“Dassi, I’m making my challah that you like so much again, with the seeds. Want me to send you one?” That’s me, asking my neighbor who lives on the other side of my building if she wants my roasted pepita-sunflower seed-zaatar-Hungarian paprika challah. She had it once, on a Shabbat afternoon and loved it.  I never let my guests leave empty-handed, so that time a half- loaf went home with her.

” Sure! I’d love some!  It was really yum, and thanks for sending some home with me last time. My husband ate it the next morning with cream cheese – he said it was so good!” Dassi replied. ” Whoops! There’s my son’s bus – gotta run!”

My third friend turned to me, a funny look on her face. “You OK, Rifki?” I asked her. She just tilted her head and asked me a question I never considered. “How can you say that was challah?” she asked. ” Challah has to have certain ingredients in it for it to be challah. In my house we use seven, to represent the days of the week.” As she went on to list the ingredients, I was puzzled. Thinking for a few moments, I decided to answer.

” I believe that any bread, as long as it is shaleim (perfectly whole) and hamotzi (made with water and flour, versus a dough made with juice) can be considered challah. Why not? I made it in honor of the Sabbath, who says it can’t have seeds and flavors?” I asked her.

” On the outside, sure. But you put it in the inside, that just makes it fancy bread, not challah. Lots of people put sesame seeds, or everything mix (a spice blend of dried onion, garlic, salt. pepper, poppy and sesame seeds)  on the outside. My husband would never eat such a bread for a Shabbat meal” she pointed out.

” Tell you what. Come over Shabbat afternoon with your kids, and you’ll try it. It is so good, you’ll see why I can say it is challah, and special for the Sabbath.” I told her. My son’s bus came then, so I had to go.

I had made this before, and I wanted to perfect the recipes before using it on my last few boxes of  Voilà! Hallah. Now, usingVoilà! Hallah as the challah dough, I knew the challah would be exceptional.  I was not disappointed.

I had four boxes left, which I did in two batches of two boxes each. One batch got roasted pepitas and sunflower seeds with zaatar and Hungarian paprika, where I oven roasted the raw seeds with the spices til it was rich and fragrant. The second batch got the herbes de Provence treatment – garlic powder, and fresh parsley, sage, tarragon and basil.

My friend Rifky brought her kids that Shabbat afternoon, and she could not stop raving over the challahs. We agreed to disagree, after a bit more discussion, but she said she would make these for a fancy weekday lunch or dinner. She said the pepita challah tasted a lot like pita with zaatar, and the herbes de Provence challah tasted like a really good garlic knot. When I told her my mix for the challah dough came from a box, she was amazed – she said would have never guessed, it was that good!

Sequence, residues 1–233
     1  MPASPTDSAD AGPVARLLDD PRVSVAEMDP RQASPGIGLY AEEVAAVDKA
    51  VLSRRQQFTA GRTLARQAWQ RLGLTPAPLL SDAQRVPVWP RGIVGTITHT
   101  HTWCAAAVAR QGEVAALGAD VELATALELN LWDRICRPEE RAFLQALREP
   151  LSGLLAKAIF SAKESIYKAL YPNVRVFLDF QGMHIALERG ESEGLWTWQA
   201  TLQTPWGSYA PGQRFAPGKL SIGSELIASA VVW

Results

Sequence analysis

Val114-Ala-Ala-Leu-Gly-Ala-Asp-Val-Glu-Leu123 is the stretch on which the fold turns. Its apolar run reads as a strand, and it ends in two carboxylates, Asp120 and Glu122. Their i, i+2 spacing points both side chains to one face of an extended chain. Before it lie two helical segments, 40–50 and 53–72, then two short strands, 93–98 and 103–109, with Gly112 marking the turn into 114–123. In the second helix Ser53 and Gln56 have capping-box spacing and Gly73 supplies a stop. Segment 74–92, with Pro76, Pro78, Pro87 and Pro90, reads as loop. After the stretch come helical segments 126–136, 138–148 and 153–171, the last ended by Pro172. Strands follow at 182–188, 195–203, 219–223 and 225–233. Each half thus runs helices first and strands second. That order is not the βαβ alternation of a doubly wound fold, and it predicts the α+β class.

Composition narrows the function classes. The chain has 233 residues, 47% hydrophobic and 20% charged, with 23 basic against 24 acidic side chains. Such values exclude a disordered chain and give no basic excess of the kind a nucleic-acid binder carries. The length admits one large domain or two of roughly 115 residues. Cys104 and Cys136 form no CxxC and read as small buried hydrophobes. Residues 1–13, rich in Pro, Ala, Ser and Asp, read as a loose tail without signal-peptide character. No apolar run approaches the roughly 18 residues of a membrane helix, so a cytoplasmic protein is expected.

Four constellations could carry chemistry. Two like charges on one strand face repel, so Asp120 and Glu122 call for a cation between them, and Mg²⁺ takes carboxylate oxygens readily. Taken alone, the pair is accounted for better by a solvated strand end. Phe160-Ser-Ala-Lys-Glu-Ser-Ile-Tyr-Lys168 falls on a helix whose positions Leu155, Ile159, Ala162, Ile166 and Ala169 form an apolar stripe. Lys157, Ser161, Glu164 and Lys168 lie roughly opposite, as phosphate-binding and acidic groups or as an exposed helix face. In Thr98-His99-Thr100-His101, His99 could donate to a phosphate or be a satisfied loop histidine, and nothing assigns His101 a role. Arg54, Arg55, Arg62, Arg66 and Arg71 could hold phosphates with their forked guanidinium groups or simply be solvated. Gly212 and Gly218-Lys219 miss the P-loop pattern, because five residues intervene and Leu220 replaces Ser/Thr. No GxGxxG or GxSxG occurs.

In the end, she understood my point of view, I understood hers, we respectfully agreed to disagree, and I thought this was a good story to share for the September Kosher Connection Challenge. The theme is ‘spread the joy‘. Food is a universal ground-leveler, peacemaker, conversation-starter. In a way like nothing else can, it can overcome prejudices, cross social-economic divides, and bring healing to both body and soul.  In this case, this lady (myself) from Philadelphia, a semi-recent transplant to Boro Park who only became religious in her twenties and Hasidic a whole lot later started a discussion and gave food for thought to a woman ten years younger than herself, who was born and raised in Boro Park with a strong, European/Hasidic background, who does things the way her great-grandmother did them.  If sharing food and dialogue doesn’t spread the joy, I can’t think what else can. Can you?

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Preserving Cherries

The inspiration: Preserving cherries for the winter

I received these stunning cherries from Stemilt Farms! www.stemiltfarms.com

Stunning cherries from Stemilt Farms!

Cherries are my favorite fruit. I’ll take dried or jarred cherries in a pinch but the best by far are fresh. Nothing compares this fresh fruit, and starting in May, I start watching to see when I can find the sweet red beauties in my local markets.  This year, it seemed as if they would never arrive. When they did, for several weeks the prices were outrageous. This got me thinking – there has got to be a way I can have some form of fresh cherries all the time! I decided I was going to find a way to preserve cherries.

The Innovation: Taking fresh cherries and drying them in the oven

Fresh cherries dried in the oven for 8 hours at 200F

Fresh cherries dried in the oven

 

I had tried simply putting  cherries in a double Ziploc and freezing, and it worked pretty well except they were a little mushy and had a slight bitter taste to them upon defrosting. I also have some cherries that are frozen in whiskey, but I won’t know how they turn out until Chanukah, when I will thaw and air dry them slightly to make boozy chocolates. So after doing a bit of research and experimenting, it seemed to me that the best way to preserve the cherries would be to dry them out.

After winning 4 lbs of cherries from Stemilt Farm, (http://www.stemilt.com) I decided I would use those for drying out. I removed the pits, cut the cherries in half, and baked in a 200F oven for 8 hours. When I removed them, I was concerned they were still not dry enough, so I thought about how to dry them out even more.

My interpretation:  Twice Dried Cherries

Perfectly dried cherries!

Perfectly dried cherries!

 

I’ve heard about how rice dries things out – electronic gadgets, mainly- but I was curious. If I take my dried cherries and put them in uncooked rice, would they dry out more? I took the oven-dried cherries, mixed them in with a few pounds of dry basmati rice, and left the whole thing sit in the back of my fridge for a few days.

Separating the cherries from the rice was a hassle, but my idea worked! They were perfectly dried, almost as well the kind you find in the store. Now not only do I have dried cherries, I also have cherry infused rice that will be prefect for my High Holiday menu.

 

Chocolate in Various Forms

From left: Chocolate covered cherries, chocolate-almond truffles, chocolate peanutbutter squares

Eat your heart out! Top: Chocolate covered cherry Bottom: Chocolate peanutbutter square

Chocolate covered cherries and peanutbutter squares – pick as you choose!

A handful of sweetness -take 2 and call me in the AM!

The Finale: on the tray, ready to go!